This NY Times article highlights some of iSoccer’s core objectives and principles: help players improve by making training portable, accessible, and customizable to each individual.
Here’s the link to the full article. Training Apps That Help You Sweat the Details. If you run marathons or are trying to lose a few pounds they mention a few apps you might be interested in.
How iSoccer works:
1) Take the iSoccer assessment, find out where you you stand relative to your peers. Establish your baseline and personal benchmarks.
2) iSoccer will recommend the ideal training program for you to improve your technical ability. Set tangible goals for improvement.
3) Download your customized training sessions to your iPod and take them to the field, watch and listen to the instruction, then perform the exercise yourself, then watch the next one while you recover.
4) Upload your results when you get home and keep track of your improvement over time.
Enjoy your training and make the most of your time. As we like to say, every touch has a purpose. Mastery and expert performance only come from efficient and targeted practice.
“Program Demonstrates Player Development Improvement in Short Two Year History”
Excerpt from a recent article about the Development Academy program. Read full article here…
First off, congrats to US Soccer and specifically the team responsible for pulling the Development Academy together. Having seen the quality first hand it really does seem to be delivering on it’s promise to raise the level of soccer in the US.
Since I have seen the progress myself, I was less interested in the fact that players were developing, and more interested in how US Soccer was tracking and measuring that improvement. The answer: SPARQ testing results and ProZone game analysis.
“ProZone video analysis has demonstrated that the level of play has improved since the first year of the program, as analysis of footage from the Winter Showcases in 2007-08 and 2008-09 has recorded improved passing efficiency, more one touch passes, more sophisticated passing tactics and improved shooting accuracy. Additionally, SPARQ analysis has demonstrated that player athleticism is improving over the course of an Academy season as average scores in all four of the soccer-specific athletic tests conducted by SPARQ increased from the Winter to the Spring Showcases in 2008-09.”
Scores, efficiency, accuracy… all measures that are quantifiable. Unlike other major sports, the box score of a soccer game doesn’t tell you much about individual players. A player can dominate a game without showing up anywhere on the score sheet. This makes it difficult to objectively measure player development and has traditionally been left up to the subjective eyes of coaches. It’s great to see innovative new ways to do this because objective analysis is the first step to improving. How can you really know if you’ve improved if you don’t have a start and an end measurement? If you wanted to lose weight, what’s the first thing you would do? Hop on a scale and see how much you weigh. If you want to check your progress what would you do? Hop on the scale again and note the difference. Want to type faster? Test your words per minute, practice, practice, practice, then test yourself again.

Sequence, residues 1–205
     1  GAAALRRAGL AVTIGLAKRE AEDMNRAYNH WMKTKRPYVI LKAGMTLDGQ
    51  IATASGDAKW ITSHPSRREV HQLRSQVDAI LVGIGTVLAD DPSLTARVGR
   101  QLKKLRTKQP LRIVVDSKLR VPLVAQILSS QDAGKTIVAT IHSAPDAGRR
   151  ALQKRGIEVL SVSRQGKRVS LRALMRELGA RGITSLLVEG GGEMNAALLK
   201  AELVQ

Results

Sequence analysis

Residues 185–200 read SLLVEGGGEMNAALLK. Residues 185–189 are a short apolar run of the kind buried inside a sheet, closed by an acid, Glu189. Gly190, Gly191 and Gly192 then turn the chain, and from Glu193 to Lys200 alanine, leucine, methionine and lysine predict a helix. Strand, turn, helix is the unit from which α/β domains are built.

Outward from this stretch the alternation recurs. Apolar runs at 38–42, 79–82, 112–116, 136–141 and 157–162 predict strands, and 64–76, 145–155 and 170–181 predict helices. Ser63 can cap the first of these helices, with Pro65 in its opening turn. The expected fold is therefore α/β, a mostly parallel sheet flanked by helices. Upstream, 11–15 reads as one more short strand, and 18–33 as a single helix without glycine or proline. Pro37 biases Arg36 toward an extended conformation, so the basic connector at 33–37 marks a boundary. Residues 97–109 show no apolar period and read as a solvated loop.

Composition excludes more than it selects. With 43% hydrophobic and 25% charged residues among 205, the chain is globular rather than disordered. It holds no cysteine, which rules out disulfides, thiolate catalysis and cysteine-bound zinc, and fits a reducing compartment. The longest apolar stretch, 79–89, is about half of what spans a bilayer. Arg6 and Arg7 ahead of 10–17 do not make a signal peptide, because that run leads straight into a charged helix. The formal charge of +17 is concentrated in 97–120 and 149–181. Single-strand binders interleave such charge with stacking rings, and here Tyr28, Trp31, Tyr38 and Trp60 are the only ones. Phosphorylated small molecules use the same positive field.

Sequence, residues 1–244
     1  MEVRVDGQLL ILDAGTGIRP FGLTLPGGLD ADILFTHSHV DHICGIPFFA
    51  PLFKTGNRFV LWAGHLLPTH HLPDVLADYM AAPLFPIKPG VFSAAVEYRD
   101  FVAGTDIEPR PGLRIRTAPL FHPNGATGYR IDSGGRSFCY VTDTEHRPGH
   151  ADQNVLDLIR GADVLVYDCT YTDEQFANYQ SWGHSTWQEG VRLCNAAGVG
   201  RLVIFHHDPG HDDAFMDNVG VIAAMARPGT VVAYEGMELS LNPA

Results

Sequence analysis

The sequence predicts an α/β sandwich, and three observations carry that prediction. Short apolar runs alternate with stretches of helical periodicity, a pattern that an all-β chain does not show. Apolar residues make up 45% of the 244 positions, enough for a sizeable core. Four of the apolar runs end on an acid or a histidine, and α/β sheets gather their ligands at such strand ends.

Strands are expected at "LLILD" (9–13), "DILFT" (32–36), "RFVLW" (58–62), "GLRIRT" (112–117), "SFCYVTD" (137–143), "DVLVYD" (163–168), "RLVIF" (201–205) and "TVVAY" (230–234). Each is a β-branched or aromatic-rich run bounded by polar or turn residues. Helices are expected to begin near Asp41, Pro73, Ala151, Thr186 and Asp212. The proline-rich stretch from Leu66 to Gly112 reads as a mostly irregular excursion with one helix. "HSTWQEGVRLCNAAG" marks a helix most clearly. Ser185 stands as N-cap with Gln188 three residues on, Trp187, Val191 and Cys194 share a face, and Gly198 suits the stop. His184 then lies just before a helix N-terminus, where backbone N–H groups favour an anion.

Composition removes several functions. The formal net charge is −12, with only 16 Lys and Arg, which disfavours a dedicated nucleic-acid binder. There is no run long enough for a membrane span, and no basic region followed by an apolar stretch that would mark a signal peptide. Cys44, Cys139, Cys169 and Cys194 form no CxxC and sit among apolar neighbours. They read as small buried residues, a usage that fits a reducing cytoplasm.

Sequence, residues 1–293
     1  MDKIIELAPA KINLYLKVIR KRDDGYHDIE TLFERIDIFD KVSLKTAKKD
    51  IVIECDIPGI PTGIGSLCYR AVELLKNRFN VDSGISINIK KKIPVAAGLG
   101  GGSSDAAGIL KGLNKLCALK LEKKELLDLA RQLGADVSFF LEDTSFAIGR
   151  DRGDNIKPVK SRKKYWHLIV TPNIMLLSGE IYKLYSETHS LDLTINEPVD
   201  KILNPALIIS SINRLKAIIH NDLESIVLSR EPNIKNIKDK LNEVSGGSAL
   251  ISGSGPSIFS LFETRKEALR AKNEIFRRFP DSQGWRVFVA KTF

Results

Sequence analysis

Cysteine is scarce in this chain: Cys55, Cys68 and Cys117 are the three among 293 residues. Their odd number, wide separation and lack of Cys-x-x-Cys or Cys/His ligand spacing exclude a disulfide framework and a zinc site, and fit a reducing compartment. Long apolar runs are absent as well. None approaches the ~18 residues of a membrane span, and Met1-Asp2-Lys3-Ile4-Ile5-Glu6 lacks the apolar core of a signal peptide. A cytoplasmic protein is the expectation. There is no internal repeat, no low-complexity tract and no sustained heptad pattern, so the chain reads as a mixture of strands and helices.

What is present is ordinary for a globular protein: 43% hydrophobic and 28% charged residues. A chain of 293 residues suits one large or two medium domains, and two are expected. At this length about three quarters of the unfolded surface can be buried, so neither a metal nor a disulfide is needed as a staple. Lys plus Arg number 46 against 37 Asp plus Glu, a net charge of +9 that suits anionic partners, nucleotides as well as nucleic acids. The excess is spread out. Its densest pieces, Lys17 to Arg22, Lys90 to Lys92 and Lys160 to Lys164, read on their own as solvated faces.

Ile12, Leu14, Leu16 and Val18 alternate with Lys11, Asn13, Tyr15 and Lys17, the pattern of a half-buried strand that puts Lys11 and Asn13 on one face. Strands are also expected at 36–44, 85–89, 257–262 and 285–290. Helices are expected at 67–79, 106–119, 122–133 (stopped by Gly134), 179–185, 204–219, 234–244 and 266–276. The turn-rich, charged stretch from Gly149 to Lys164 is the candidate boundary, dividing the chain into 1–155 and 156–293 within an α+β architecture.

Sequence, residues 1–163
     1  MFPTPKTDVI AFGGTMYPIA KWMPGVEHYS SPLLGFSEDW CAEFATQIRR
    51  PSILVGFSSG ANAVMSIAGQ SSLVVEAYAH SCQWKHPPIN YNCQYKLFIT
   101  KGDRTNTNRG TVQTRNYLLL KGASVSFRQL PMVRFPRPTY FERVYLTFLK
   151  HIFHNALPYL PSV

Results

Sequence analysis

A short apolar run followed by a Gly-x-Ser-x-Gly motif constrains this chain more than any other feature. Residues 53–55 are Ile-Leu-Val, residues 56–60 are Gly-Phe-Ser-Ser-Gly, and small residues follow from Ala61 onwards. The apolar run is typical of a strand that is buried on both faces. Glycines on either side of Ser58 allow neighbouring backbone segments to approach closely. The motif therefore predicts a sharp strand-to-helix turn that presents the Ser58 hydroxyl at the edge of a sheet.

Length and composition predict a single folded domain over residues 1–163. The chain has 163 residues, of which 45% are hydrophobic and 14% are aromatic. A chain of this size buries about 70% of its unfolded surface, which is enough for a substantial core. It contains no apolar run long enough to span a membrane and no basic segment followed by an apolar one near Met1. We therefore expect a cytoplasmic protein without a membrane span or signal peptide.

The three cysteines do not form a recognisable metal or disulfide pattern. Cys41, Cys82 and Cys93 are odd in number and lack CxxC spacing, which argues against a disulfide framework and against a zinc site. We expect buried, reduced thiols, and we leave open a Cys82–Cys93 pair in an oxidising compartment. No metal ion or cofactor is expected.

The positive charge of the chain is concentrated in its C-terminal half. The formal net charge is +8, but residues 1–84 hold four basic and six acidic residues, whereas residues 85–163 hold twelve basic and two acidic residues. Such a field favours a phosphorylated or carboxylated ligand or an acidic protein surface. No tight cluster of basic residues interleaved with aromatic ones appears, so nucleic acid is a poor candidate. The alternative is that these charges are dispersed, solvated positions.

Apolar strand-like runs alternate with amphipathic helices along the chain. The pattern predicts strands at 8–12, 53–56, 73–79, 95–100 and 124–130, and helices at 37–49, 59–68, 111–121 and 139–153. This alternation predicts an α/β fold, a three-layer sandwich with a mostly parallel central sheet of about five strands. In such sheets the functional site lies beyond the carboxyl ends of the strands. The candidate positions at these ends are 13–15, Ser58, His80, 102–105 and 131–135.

You get the point. Without a standardized measuring stick it’s impossible to measure tangible results. You might know you lost weight because you look thinner. You may know you type faster because it takes you less time to punch out an email, but “a little improvement” or “a lot better” isn’t very specific and once you start generalizing about a team, club, state or entire country it is basically impossible to make subjective statements about player development without standardized metrics.
For US Soccer to justify its investment and compare its various player development programs it needs ways to compare them. If the success of a program such as the Development Academy or the Residency Program is based on how much players improve then they clearly need ways to measure player development. This brings us back to SPARQ physical testing and ProZone game analysis. SPARQ provides a means to measure individual player physical strength and athleticism and ProZone breaks down game video to quantify the quality of play. Hmmm, what other metrics could be used to benchmark and measure the success of player development programs? Technical ability is the foundation of every player, and arguably the most important aspect of youth player development, why not measure that?
Our mission at iSoccer is to raise the level of the game. For a player, team, club, league or national federation, the first step to raising the level is knowing and understanding the current level. From there it’s possible to set goals and regularly measure incremental progress (rather than trying to compare subjective evaluations, game stats, and other similarly ambiguous metrics). SPARQ, ProZone and iSoccer all provide valuable data to assess, analyze, and target player development efforts. We’re excited to see what story our technical assessment data tells as more and more players and coaches submit scores from around the world. If you have any ideas or comments let us know what you think.